Uncommon Sense

February 4, 2012

Do They Think About These Things or Are They Just Riding the Wave?

Filed under: Politics,Religion — Steve Ruis @ 9:20 am
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It seems as if conservatives are hell-bent on diminishing women’s reproductive choices. In their lifetimes  women spend, on average, about three years being pregnant or trying to be pregnant and thirty years trying very hard not to get pregnant, so contraception is an important topic for them. So, why all the conservative attacks on contraception? Women comprise over half the U.S. population and are voting in record numbers.

I understand that Catholics have a policy against contraception but most U.S. conservatives are evangelicals, not Catholics, and evangelicals have no anti-contraception policy.

With regard to abortions, a majority of Americans favor women’s right to choose, so there aren’t a lot of votes to curry by these politicians. Is this a moral stand? Come on, these are politicians we are talking about. If they saw a moral stand, they would probably bump into it and knock it over.

The conservatives say they are in favor of small government but they keep trying to pass (and are passing) laws that would have police and government lawyers intruding into bedrooms and hospital delivery rooms.

The surprising thing to me is they haven’t thought through what they are asking for. Let’s imagine that they get their wish. Abortions are illegal. Contraception is illegal. Birthrates soar. Is that a good thing for conservatives?

Well, the highest birthrate in the U.S. by ethnicity is of Hispanics. The next highest is African-Americans. Dead last is the Caucasian birthrate. So, one effect, well other than more women dying from back alley abortions, is that conservatives will be increasing the percentage of the population which is non-white hastening the day when white people will be a minority in this country. Hispanics and African-Americans also tend to vote Democratic.

I wonder if the racist wing of the Republican Party has thought about this.

[For those of you who think this is too harsh, consider what happened after the Civil Rights Act passed in the mid-1960s (Johnson was president but the original initiative was Kennedy’s). The Democratic South went Republican almost overnight. If you want to think the racists took over the Republican Party, which is largely a Southern party to this day, or were just welcomed with open arms, they are still there.]

February 2, 2012

Neutralize the Super PACs!

Filed under: Politics — Steve Ruis @ 8:40 am
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The SCOTUS decision in Citizen’s United has opened the flood gates of unrestricted political money from billionaires and corporations. The technique is simple and easy. First a “Super Political Action Committee” or Super PAC is created and then unlimited amounts of money can be raised and spent on political campaigns (as long as the Super PAC doesn’t, you know, coordinate (wink, wink) its efforts with a campaign’s). There is even a way to do this as a non-profit organization so that your donors never need to be divulged.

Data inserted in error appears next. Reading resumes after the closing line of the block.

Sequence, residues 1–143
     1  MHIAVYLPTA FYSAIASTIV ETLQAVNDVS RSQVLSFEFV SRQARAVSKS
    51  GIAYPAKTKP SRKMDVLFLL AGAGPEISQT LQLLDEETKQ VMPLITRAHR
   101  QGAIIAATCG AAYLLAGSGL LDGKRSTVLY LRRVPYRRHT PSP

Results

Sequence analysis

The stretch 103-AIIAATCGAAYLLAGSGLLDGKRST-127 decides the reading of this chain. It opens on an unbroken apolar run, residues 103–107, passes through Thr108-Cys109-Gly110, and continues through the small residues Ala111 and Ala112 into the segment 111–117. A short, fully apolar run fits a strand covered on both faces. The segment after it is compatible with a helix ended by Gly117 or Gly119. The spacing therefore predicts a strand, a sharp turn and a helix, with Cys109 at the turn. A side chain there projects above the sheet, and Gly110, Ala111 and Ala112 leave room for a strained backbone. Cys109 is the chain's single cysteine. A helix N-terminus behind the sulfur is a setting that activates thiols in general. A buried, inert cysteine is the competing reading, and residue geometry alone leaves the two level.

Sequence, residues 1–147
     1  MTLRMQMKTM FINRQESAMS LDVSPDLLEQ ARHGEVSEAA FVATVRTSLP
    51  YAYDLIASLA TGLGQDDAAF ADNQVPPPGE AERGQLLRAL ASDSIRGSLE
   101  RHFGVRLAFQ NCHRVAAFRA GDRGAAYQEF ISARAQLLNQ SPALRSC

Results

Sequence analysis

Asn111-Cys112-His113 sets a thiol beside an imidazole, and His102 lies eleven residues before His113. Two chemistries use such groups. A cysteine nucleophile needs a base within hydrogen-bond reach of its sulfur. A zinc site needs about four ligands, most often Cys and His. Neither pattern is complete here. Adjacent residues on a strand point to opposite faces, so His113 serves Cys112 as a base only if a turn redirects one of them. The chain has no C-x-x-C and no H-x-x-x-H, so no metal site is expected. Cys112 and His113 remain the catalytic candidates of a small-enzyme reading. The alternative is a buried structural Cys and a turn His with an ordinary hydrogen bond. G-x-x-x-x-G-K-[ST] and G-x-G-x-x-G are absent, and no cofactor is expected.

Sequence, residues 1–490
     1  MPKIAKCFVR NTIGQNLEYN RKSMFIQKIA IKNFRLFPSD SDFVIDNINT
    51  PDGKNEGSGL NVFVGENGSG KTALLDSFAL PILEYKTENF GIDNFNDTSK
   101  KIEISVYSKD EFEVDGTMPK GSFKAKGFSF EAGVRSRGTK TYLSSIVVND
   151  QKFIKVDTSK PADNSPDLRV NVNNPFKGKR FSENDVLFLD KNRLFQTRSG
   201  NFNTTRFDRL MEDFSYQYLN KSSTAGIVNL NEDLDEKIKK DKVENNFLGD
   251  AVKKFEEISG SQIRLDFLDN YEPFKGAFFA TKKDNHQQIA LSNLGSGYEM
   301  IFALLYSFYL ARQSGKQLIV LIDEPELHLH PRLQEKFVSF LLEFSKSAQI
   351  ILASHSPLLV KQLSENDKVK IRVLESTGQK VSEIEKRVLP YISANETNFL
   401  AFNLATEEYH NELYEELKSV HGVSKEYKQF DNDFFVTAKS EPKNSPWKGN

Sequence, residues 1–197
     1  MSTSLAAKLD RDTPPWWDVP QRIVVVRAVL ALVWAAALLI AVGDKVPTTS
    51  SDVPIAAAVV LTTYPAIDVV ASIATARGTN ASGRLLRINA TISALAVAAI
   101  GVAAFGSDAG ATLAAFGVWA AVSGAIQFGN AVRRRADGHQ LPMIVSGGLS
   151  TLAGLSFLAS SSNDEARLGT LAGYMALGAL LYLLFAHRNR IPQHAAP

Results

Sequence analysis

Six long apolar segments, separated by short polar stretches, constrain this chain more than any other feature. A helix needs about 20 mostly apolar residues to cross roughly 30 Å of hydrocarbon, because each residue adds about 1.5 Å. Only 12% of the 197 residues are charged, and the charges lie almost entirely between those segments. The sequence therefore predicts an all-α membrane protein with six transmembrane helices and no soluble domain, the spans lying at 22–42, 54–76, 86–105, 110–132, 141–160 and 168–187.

Recent required reports from Super PACs show that one of them has raised more money than all of the Republican presidential candidates, save Mitt Romney, combined. As you might expect, this is a Super PAC supporting Mitt Romney.

This money is swamping our political process and has to be neutralized and since 95% of this Super PAC money is spent on TV and Radio advertisements, the way to do this is to get people to stop watching and listening to political ads. This will render all of this money, no matter the source, ineffective. These ads are full of innuendo, lies, half truths, and worse, so there is no great loss.

I have stopped watching and listening. If you stop, there will be two of us. If we each of us gets another person to stop, there will be four of us, and pretty soon there will be a movement! Wait a minute, wait a minute, this whole plan was laid out in 1966 . . . by Arlo Guthrie, Woody’s boy, on how to disrupt the draft during the Vietnam War.

You know, if one person, just one person does it they may think he’s really sick and
they won’t take him. And if two people, two people do it, in harmony,
they may think they’re both faggots and they won’t take either of them.
And three people do it, three, can you imagine, three people walking in
singin’ a bar of Alice’s Restaurant and walking out. They may think it’s an
organization. And can you, can you imagine fifty people a day, I said
fifty people a day walking in singin’ a bar of Alice’s Restaurant and